A property expert is proposing that the deposit system used in the private rental sector for protecting property from damage and future payments of rent, should be replaced by an insurance scheme.
In his new report ‘Down with deposits’, Brian Sturgess proposes that the Government should promote a deposit replacement insurance system as an alternative. This would allow renters to insure against potential damage or missed rent payments without having to find a large up-front deposit, currently estimated to average around £1,041. Such insurance schemes could easily be developed within the existing insurance market and they would allow renters to keep more of their own money when moving into a rented property. It would avoid them having to borrow money to gather enough funds for a deposit. This would be particularly useful for the 31 per cent of private renters who have less than £100 in the bank. An insurance-based model would also allow renters to build up a reputation as a good tenant through a ratings system similar to no-claims bonuses for motor insurance, while ensuring that landlords received protection against property damage and missed rental payments. The report has been published by the Centre for Policy Studies. Another benefit of the proposal is that an insurance-based model would significantly improve the lives of ‘Generation Rent,’ but at no cost to the Treasury.
In the report Brian Sturgess said: “Many people are simply unable to enter the rental market due to the need for a large upfront deposit to be provided before they move in. These proposals offer a solution to the inherent unfairness of renters losing out on the interest they would have accrued on such a deposit, and often having to struggle to get their money back at all.” Polling by YouGov has shown that 43 per cent of renters would support a deposit replacement insurance system with a small cost, rather than the current system of tenants paying large upfront deposits. The report finds the average renter loses over £300 per tenancy due to lost interest and inflation because of forced participation in the existing deposit protection schemes. Forcing tenants to pay large up-front deposits means many people struggle to move between properties. They also lose out on earning interest on their money which instead is retained by their landlord or letting agency, and they often face a struggle to get all their money back.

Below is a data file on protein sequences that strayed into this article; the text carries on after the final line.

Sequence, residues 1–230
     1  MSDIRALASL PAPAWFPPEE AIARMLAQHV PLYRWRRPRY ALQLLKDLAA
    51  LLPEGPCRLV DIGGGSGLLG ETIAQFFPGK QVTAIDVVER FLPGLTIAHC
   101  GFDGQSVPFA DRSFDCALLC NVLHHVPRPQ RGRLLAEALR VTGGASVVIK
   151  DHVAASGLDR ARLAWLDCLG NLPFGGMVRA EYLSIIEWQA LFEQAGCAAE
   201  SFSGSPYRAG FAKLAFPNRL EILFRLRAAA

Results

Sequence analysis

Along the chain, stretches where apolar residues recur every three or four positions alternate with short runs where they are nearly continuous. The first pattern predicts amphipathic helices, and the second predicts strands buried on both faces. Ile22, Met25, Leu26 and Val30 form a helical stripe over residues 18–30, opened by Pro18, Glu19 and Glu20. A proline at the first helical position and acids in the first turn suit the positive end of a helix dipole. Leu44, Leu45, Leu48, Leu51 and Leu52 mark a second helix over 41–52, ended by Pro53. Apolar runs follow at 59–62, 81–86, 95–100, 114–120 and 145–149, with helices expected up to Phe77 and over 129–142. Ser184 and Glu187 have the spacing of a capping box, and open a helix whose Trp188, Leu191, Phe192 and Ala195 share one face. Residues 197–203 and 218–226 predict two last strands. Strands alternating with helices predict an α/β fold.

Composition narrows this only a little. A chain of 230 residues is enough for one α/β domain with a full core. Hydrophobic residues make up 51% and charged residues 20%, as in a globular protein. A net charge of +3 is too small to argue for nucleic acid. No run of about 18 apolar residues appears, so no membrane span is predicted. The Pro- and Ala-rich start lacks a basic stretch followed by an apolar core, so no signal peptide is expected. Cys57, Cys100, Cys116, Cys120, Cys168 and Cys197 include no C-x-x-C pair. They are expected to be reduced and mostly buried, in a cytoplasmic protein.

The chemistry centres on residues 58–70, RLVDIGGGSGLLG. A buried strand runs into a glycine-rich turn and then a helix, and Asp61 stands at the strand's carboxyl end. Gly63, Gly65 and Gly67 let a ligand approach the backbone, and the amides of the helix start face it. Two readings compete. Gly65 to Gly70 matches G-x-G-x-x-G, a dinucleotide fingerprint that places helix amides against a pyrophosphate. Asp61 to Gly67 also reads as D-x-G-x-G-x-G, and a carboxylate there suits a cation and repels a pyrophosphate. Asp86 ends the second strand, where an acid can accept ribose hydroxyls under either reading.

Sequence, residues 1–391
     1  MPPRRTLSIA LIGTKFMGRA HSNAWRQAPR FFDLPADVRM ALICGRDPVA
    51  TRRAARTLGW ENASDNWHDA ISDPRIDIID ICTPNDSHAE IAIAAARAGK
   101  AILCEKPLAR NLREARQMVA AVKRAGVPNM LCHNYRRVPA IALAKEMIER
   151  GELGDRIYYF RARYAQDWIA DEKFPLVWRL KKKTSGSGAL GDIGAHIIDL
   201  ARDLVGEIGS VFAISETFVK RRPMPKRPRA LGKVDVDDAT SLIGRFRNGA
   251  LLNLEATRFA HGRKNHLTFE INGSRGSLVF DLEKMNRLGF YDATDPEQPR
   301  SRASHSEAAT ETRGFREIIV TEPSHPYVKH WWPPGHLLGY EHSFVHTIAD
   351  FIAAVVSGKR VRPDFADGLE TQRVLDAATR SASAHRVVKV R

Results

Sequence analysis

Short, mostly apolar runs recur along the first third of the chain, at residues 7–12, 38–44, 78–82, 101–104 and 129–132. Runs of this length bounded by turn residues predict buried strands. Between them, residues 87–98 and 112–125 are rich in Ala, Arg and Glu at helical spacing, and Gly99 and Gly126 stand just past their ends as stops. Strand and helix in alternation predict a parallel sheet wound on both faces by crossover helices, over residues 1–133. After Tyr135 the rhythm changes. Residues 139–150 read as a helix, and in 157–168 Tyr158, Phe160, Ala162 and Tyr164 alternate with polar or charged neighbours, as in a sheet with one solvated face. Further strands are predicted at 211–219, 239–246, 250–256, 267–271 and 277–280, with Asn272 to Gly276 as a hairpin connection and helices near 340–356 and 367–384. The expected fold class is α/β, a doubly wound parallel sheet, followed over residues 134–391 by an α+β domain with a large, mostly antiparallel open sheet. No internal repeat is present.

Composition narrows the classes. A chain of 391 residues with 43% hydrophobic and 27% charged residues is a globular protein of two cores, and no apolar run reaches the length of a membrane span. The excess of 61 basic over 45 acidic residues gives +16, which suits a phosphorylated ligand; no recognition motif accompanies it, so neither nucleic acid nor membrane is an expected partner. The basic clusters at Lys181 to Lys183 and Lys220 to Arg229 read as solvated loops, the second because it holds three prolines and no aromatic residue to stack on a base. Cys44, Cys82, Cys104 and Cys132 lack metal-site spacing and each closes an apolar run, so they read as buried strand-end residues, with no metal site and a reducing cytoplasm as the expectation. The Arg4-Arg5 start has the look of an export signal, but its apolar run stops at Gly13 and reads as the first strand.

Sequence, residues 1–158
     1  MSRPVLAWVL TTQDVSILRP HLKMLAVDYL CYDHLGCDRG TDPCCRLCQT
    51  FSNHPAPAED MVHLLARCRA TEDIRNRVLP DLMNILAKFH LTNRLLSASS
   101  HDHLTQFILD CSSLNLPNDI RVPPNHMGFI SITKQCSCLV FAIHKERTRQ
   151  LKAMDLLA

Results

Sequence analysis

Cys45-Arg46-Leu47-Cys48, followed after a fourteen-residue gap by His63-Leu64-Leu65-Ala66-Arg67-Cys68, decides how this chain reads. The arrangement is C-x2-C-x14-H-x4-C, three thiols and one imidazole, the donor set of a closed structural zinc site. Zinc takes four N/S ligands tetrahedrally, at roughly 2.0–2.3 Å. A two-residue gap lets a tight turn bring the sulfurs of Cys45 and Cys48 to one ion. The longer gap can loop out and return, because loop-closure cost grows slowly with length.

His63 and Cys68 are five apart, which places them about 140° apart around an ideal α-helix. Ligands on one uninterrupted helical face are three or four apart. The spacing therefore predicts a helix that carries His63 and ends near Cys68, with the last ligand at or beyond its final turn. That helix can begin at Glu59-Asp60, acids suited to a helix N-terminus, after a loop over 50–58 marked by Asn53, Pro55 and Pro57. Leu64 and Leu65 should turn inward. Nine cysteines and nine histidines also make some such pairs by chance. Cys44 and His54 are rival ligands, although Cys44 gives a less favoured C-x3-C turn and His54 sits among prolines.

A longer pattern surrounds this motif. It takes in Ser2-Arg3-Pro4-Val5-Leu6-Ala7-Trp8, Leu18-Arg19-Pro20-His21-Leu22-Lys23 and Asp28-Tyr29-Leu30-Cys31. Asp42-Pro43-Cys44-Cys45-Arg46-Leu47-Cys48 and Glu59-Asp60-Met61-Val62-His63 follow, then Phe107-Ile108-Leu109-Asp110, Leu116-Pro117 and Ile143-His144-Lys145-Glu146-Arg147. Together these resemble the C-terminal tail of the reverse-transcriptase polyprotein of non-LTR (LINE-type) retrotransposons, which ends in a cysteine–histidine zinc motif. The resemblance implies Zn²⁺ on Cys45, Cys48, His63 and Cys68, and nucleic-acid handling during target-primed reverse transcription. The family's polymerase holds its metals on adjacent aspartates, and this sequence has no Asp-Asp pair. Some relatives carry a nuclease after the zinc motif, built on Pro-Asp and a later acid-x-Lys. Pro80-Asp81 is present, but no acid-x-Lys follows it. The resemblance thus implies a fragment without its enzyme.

By Patrick Mooney, editor